This summer was the first time my boys ever played organized basketball. There was a part of me that really dreaded this. On some level, I knew my boys were going to have some challenges mastering the sport. I was absolutely right. They both quickly learned that remembering all the rules, dribbling while in motion and taking a shot with someone twice their size right in their face were all rather impossible. On a positive note, they both looked absolutely adorable in their uniforms. So, basically, they always have their looks to fall back on.
In all seriousness, I knew the season was going to be tough when the first team the boys played was adult-size and had been playing together for six years. I actually thought it could have been longer than six years as I was pretty sure I had seen their center driving his own car to the game (not really, but I did want to check his birth certificate to verify his supposed under 10 age). Needless to say, my boys are not so motivated to hoop it up anytime soon. Long live soccer!!
Over the course of summer, in between basketball practices and games, I got to spend a tremendous amount of time with my guys. For the most part, I found this time to be truly delightful. I enjoyed their humor, their company and their energy for life. It wasn’t all smooth. There were some classic moments such as these:
- Full Speed and the Situation I took the dogs for a walk and instructed the boys to get themselves ready for soccer camp. Here is actual text communication sent from Full Speed, “Where are you? We have a situation with the Gatorade bottle.” Two minutes later I received this text, “The problem is I can’t open the Gatorade.” Thankfully, this ‘situation’ was quickly resolved but the text cracked me up for the rest of the day.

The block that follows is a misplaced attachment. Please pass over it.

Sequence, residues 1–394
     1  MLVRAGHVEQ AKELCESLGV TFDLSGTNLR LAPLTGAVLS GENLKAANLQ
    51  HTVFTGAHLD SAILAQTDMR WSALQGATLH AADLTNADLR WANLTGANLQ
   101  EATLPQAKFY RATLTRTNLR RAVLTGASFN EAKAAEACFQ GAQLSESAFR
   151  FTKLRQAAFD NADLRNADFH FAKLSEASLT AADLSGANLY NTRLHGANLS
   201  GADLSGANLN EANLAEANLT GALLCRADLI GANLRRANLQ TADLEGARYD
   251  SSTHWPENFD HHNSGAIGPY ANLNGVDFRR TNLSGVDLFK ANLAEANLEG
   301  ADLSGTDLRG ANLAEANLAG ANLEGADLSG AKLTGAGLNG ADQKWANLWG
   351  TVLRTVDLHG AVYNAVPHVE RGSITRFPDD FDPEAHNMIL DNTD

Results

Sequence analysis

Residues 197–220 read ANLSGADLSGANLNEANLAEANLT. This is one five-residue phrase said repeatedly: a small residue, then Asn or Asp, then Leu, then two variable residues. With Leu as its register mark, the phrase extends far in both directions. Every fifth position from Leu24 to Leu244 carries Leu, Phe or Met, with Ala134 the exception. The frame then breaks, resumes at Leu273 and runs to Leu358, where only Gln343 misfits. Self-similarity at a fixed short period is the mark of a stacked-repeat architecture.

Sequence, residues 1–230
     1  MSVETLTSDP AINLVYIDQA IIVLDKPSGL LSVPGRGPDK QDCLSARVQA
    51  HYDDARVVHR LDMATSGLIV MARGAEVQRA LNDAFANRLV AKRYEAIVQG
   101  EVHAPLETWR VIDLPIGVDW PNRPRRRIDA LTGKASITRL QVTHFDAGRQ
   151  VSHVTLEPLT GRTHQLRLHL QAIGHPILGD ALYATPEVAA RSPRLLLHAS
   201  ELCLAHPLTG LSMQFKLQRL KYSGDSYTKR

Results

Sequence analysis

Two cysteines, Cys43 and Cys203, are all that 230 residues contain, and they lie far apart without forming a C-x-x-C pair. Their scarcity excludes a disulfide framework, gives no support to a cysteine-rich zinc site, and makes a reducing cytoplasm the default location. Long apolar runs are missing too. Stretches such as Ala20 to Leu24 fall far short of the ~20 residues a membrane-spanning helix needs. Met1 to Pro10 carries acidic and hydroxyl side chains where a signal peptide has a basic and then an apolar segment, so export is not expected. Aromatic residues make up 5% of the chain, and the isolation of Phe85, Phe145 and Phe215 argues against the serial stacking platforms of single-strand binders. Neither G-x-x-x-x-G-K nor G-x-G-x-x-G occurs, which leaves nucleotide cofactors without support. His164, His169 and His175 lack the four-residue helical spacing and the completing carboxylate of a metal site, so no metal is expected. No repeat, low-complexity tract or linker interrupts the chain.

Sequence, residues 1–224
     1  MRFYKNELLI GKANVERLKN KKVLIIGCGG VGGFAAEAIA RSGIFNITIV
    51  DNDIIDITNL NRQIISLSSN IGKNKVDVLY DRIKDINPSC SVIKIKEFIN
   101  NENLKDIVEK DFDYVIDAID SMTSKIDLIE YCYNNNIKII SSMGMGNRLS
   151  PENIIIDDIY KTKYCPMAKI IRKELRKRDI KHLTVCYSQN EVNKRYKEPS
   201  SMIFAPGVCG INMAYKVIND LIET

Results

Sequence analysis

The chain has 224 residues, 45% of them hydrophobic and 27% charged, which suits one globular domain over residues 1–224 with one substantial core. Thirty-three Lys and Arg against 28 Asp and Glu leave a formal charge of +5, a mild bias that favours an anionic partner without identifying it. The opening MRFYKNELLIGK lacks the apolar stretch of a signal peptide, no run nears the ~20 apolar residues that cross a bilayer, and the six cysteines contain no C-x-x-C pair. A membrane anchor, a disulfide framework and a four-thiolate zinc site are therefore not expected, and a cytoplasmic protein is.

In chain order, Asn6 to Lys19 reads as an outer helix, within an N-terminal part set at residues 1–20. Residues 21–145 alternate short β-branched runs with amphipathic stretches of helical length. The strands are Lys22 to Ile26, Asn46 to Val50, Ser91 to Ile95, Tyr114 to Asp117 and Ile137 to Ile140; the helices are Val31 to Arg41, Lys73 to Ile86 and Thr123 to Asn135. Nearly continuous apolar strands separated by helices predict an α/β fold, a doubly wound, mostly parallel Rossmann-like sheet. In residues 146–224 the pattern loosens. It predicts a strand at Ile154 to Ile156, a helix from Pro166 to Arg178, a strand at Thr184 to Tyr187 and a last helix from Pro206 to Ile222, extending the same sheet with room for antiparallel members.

- T.Puzzle’s Hug Aversion T. Puzzle hates it when I ask him to hug me. He acts as if he is being sentenced to death and tries all sorts of creative ways to get out of it. I told him to ask his brother how to handle it. Full Speed said, “When Mom wants a hug, just man-up and do it.” Still, to no avail. I eventually had to take a hard line with him and he will give me hugs but there is still a lot of resistance. So, it surprised me when he approached me for what seemed like a genuine unsolicited hug. “Wow, T.Puzzle, that was so nice.” He looked at me and said, “Dad told me to find you and said I had to hug you, so I did.” Okay, thanks?
- Full Speed’s Independence When your ten year-old has ‘situations’ with Gatorade bottles, sometimes when you ponder the future, you wonder if he will be able to live independently. Full Speed was looking in the fridge and he couldn’t find something. “Mom, where is it? I can’t find it anywhere!” I walked over, opened the door and promptly found it in two seconds. I said in a rather exasperated tone, “I really am going to have to live with you when you are older, aren’t I?” He replied, “No, Mom, because I’m going to be the one who puts everything away so I will know where stuff is.” Touche’.
- T.Puzzle’s Future Living Arrangements Since Full Speed has established in his mind that he will be living independently from his parents in the future, he has lots of ideas about how this will happen. He talks about possible occupations, where he wants to live and hopes I will take care of his dogs when he has to travel. When I ask T.Puzzle about the future he is often mute on the subject. Even though he is hug aversive, deep down, he really is attached to me and I think he can’t fathom living anywhere else than where he is right now. Full Speed’s solution is simple. T.Puzzle can live with him. Well, that’s all fine and good, but I’ve noticed Full Speed can be very particular in his ways. T.Puzzle is a little more free-flowing with life. “How are you going to live with your brother if he annoys you on a regular basis, Full Speed?” He answer was simple, “My house, my rules.”